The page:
Florida the rules are different here Chapter LXII
The town of Palm Coast wants to seize some property via eminent domain. What will the town use it for? How about a public golf course. Don't you just love Florida?
Its a little more complicated than that. Supposedly Palm Coast can use the land to improve the town's water system. The owner of the property, Ravonier Inc., has turned down a proposal from Palm Coast to buy the land. Still Ravonier said they want dialogue. Dialogue has to mean more money. It will be interesting to see if Palm Coast spends more money in legal fees than the difference between the town's offer and any counter offer from Ravonier. When it comes to business acumen, our elected officials most often have only a small supply.
Linked to- Bullwinkle Blog, Basil's Blog, Bright & Early,
PALM COAST -- City officials approved a resolution this week that would allow the acquisition of a 1,200-acre site along U.S. 1 to improve the city's water system. It also could solve officials' quest to find a site for a future public golf course.
But the plan calls for the city to take the property through eminent domain -- a move that could set the stage for a battle between Palm Coast and Jacksonville-based Rayonier Inc.
Fed up with the lack of affordable golf in the area, Palm Coast Mayor James Canfield formed a committee with Bunnell Mayor Joann King and Flagler County Administrator Doug Wright earlier this year to study the feasibility of building a golf course in the county. The committee has reviewed various locations and made inquiries about the purchase of at least one site. Officials made an offer to Rayonier to purchase parcels of land it owns on U.S. 1 near Palm Coast, but were turned down.
Now, officials are considering the Rayonier site beyond the possibility of locating a golf course there.
City Manager Dick Kelton told the council at a meeting Tuesday that the land, about 1,203 acres, contains well sites that could improve the city's water system. The site also has the space needed for a golf course, he said.
Rayonier officials have said they are not ready to sell the property, which is appraised at $4.7 million, Kelton said.
Discussions with the company are at a "dead stop," he said.
"They have no interest in talking with us further," Kelton said.
A Rayonier spokesman, meanwhile, said the company wants dialogue.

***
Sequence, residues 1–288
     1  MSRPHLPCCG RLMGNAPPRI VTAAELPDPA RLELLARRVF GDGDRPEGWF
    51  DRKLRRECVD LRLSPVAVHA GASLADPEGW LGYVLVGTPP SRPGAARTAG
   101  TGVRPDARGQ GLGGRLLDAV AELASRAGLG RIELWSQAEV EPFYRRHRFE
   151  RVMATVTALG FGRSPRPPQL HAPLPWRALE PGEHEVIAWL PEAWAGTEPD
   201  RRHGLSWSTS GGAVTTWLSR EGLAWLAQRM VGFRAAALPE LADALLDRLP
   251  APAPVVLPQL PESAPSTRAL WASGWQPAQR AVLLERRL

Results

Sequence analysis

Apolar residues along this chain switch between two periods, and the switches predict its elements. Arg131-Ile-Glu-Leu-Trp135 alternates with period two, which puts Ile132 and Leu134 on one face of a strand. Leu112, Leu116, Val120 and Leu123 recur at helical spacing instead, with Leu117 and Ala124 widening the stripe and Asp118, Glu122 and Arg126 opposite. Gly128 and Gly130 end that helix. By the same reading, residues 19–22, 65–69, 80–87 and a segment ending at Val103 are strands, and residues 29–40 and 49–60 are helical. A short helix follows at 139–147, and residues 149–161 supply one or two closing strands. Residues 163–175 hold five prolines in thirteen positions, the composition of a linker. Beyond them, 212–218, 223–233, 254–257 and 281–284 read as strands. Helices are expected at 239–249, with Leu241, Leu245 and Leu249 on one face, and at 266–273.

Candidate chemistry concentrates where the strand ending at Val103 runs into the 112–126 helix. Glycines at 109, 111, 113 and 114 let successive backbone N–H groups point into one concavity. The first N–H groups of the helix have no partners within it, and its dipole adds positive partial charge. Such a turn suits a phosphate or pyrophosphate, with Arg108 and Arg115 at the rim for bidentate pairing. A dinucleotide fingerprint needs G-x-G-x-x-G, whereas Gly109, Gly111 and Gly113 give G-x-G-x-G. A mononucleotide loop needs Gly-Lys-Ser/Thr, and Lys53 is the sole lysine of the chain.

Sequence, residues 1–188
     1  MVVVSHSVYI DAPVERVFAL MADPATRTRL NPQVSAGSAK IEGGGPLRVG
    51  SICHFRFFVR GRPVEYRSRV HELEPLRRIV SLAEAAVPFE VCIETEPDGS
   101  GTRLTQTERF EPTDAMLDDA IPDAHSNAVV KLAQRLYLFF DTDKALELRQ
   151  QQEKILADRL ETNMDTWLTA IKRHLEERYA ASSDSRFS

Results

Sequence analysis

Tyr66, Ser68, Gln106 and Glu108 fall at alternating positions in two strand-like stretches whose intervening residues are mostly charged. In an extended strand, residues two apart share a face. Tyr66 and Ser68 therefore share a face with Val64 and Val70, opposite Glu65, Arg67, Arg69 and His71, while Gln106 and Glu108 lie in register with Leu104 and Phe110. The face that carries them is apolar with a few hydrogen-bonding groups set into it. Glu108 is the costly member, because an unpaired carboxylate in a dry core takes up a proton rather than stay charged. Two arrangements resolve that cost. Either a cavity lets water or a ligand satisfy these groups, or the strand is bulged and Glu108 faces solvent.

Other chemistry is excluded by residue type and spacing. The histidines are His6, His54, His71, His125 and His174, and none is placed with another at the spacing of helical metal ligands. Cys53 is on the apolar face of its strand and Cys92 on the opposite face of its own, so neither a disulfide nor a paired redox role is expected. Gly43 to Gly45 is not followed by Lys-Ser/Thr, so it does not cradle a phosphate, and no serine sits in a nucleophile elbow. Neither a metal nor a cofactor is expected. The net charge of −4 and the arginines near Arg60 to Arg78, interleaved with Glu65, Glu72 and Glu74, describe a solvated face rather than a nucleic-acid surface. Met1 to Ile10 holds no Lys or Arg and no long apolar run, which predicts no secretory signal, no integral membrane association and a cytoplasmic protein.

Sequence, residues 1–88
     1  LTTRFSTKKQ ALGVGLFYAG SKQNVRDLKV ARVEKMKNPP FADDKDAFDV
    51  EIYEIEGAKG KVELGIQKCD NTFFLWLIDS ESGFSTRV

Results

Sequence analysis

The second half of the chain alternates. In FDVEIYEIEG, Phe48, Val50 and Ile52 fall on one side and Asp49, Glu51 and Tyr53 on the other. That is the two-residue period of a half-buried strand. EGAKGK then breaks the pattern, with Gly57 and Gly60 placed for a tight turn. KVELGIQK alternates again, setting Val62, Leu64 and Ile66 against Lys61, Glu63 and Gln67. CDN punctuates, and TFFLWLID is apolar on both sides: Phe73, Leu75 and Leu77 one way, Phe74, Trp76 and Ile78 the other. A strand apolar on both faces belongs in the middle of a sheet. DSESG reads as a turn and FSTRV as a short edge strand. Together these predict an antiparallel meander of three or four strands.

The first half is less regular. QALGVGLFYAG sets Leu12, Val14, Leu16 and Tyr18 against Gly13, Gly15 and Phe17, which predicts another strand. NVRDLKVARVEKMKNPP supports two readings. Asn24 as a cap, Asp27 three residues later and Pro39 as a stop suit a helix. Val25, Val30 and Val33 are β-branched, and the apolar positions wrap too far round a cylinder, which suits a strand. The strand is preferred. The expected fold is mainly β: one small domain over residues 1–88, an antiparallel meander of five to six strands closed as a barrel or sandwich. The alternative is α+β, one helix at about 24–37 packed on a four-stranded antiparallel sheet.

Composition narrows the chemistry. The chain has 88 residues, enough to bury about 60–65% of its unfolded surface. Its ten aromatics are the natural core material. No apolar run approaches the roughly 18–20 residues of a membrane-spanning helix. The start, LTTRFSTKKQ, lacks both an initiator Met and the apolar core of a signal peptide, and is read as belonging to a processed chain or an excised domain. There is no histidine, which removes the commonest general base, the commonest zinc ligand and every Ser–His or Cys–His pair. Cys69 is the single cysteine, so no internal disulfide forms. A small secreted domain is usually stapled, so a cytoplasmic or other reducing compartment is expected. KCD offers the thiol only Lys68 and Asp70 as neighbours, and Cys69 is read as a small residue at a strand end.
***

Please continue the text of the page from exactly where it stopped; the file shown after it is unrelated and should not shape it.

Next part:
"We look forward to working with Palm Coast to better understand what their interests are," spokesman Mike Bell said in a telephone interview Friday morning.
Under the resolution, the city's utility system would acquire the property. The golf course would pay rental fees to the utility system to continue operation, Kelton said.
According to city documents, Palm Coast would acquire the property through a "quick take" procedure. That method would allow the city to acquire the property quickly, but determining its cost could take years.
Councilman Alan Peterson, who favors a public golf course, initially opposed a "quick take" because its true cost was unknown.
"That's like saying we'll give this process a blank check and we don't know what it's going to coast, and we don't know what it is going to take for the city to break even in the acquisition," he said.
Peterson also opposed language in the resolution that said the property would only be used as a golf course.
Vice Mayor William Venne said the city needed to seize the property now because control of Palm Coast's water was paramount.
"We're protecting the water source that Palm Coast is going to need in the future," he said.
Councilman Jon Netts agreed, saying officials could be haunted years later if they city didn't acquire the well sites now. Netts also noted that the city still would have to purchase the well sites even if a more suitable site for a golf course was located.
Peterson later threw his support behind the resolution, but only after language was changed to reflect that the land could be used for public purposes such as a golf course, but did not commit the city to that single use.